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Watching the World from Gethsemane: Darkness and the Devastated Self in Marilynne Robinson’s Fiction

Lila sits in the dark, tending to her mind. She opens her stolen Bible, traces its strange language—darkness covered the face of the deep—and remembers that night on the stoop, all cried out, when Doll came like wind and whispered to her: “Live!” This word of life apprehends us, summons us to light we cannot see. This is Marilynne Robinson’s darkness ablaze. In these shadows, to borrow a phrase from Teju Cole, “there are glories.”[1] In Robinson’s Gilead novels,... Read More

You Should Give a Shit

Shit and what you do with it is like an ecological Rorschach test—how we treat it tells us whether we are in a society of waste or a society of flourishing.1 Shit, more than food, is the stuff that ties us into the network of nutrients that make up the ecosystem in which we live. And yet we deny shit. We flush it away, treat it, and dispose of it like trash. In doing so, we turn the food we eat into a linear process—one of extraction rather than renewal. It doesn’t have... Read More

We Are the Syllables God Utters from His Mouth: A Review of Annie Dillard and the Word Made Flesh

Colleen Warren. Annie Dillard and the Word Made Flesh: An Incarnational Theory of Language. Lanham, MD: Lehigh University Press, 2010.   The use of words as a primary route to faith has fallen out of favor in many theological and philosophical circles. Scholars suggest that the body is a sexier mode for coming to know who God is, who we are, and how truth is revealed. And so we now live in a mythic world where word and reason have been divorced from bodily knowing, where... Read More

The Tree of Life and the Lamb of God

In one of the most astonishing passages in the book of Genesis, in the book’s second creation narrative, the Lord God is depicted as a gardener, out for a leisurely evening stroll in the garden he has just made, clearly pleased with his creation. In fact, there is almost a sense in the text that God is so taken up by this delight that he appears to be distracted, lost in wonder for a moment. Between God’s creation of Eve from Adam’s side (Gen. 2:23–25) and this scene (3:8ff),... Read More

The Singularity of Jesus and the Mission of the Church: An Interview with Nathan R. Kerr

In this interview, Nathan R. Kerr reflects on some of the conversations that have emerged in the last two years since the release of his book Christ, History, and Apocalyptic: The Politics of Christian Mission. In particular, he explores the connections between Christology, the nature and task of theology, and the mission of the church in our contemporary world. These reflections clearly illustrate the challenge that his work poses to contemporary theological discussions... Read More

Why Lord? Haiti and the God-Question

On January 12, 2010, a magnitude 7 earthquake, the same strength quake that rocked San Francisco in 1989, brought the little island nation of Haiti to its knees. Some news outlets have reported that nearly one-third of the nation’s population, or somewhere in the neighborhood of about 3 million people, have been affected either by being killed, maimed, or left homeless. It is not an exaggeration to say that the devastation strains one’s abilities to describe. And it is just... Read More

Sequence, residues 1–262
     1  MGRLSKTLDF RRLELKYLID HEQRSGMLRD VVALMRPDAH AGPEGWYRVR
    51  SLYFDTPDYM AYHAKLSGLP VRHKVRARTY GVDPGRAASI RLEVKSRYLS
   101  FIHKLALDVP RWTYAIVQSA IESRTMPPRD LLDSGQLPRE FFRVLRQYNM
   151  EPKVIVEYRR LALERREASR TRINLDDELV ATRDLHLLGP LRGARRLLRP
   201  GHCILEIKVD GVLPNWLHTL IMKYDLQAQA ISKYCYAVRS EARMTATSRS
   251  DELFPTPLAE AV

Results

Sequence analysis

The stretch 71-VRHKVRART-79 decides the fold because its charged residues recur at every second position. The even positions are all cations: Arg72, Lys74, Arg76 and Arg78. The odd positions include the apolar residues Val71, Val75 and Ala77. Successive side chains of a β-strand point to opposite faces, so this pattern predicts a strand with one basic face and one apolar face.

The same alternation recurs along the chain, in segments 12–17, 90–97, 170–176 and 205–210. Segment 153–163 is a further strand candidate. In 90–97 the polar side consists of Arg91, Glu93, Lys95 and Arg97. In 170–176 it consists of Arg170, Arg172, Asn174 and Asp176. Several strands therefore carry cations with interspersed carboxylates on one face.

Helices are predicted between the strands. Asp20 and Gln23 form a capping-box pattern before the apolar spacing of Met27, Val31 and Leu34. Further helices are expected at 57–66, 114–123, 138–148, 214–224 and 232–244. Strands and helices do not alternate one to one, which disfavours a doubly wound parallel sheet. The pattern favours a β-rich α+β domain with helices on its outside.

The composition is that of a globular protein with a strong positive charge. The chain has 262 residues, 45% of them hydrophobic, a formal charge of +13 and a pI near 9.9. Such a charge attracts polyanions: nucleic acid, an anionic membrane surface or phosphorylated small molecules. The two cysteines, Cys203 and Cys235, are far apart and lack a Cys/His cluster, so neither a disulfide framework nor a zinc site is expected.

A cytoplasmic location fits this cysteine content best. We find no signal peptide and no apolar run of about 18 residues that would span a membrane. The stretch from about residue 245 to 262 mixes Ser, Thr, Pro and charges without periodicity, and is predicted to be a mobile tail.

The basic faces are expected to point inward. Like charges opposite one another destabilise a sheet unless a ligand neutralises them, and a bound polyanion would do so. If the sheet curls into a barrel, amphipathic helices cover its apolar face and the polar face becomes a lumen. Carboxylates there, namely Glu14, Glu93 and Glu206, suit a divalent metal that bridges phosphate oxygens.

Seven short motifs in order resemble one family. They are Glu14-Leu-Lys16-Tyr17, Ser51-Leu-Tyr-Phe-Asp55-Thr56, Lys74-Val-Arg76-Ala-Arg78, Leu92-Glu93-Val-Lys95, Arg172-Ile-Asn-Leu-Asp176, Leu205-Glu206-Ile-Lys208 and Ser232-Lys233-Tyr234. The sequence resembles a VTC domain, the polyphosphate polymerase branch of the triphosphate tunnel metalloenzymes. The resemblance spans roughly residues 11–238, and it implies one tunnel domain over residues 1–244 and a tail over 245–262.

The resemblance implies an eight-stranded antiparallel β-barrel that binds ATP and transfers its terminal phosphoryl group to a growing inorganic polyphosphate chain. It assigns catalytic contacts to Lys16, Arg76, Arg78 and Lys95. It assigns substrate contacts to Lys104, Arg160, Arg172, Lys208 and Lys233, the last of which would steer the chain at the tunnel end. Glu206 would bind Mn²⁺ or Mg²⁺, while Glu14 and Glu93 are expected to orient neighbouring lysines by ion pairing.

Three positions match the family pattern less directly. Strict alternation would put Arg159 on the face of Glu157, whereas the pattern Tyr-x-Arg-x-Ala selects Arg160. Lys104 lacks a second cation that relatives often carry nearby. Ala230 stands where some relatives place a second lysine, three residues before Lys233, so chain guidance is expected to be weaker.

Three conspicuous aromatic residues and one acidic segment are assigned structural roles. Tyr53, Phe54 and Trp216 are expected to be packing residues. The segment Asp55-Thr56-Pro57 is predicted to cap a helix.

The Jew from Nazareth and the Problem of Whiteness: J. Kameron Carter’s Theological Account of Race

J. Kameron Carter. Race: A Theological Account. Oxford, UK: Oxford University Press, 2008. 504 pages. $28.00 hardcover (Amazon). Click here or on the image to purchase Race from Amazon.com and help support The Other Journal. J. Kameron Carter’s recent book, Race: A Theological Account, is a wrench thrown into the frustratingly predictable modern academic discourse on race. In what will doubtless prove a landmark study on race, Carter engages the fields of theology, sociology,... Read More

Fiddling with the Melody: Illuminating von Balthasar’s Symphony of Truth

Truth is something of a lost art. Even a cursory reading of the primary texts of twentieth century philosophy will make us hesitant to talk about truth in any unqualified manner, and all the theology worth bothering about has listened very closely to these critiques. Here and there, however, we do find a theologian who is ready to guide us on a difficult journey, through these important critiques, to a place in which we can take up again the tools and instruments of the... Read More

What God Does Not Does and Does Not: A Review of Brent Laytham’s God Does Not

D. Brent Laytham, ed., God Does Not…: Entertain, Play Matchmaker, Hurry, Demand Blood, Cure Every Illness (Grand Rapids, MI: Brazos Press, 2009), 160 pages, $17,99 paper. Click here or on the image to buy God Does Not from Amazon.com and help support The Other Journal. “God helped me shoot gunman, ” reads the newspaper headline of how a security guard, allegedly under divine influence, shot a gunman on rampage in a Colorado Springs megachurch. God Does Not, however,... Read More

Death and Christology After (the Death of) God

In October 1965, Thomas J. J. Altizer, the famous theologian who popularized the phrase “God is dead” in America, proclaimed the death of God as the most radical affirmation of life and existence, an occasion for rejoicing.1 Altizer believed that God had completely emptied himself into the world, beginning with creation and culminating in the incarnation of Jesus Christ.2 Yet Altizer had not moved beyond God. In the forward to Altizer’s memoir, Mark C. Taylor states,... Read More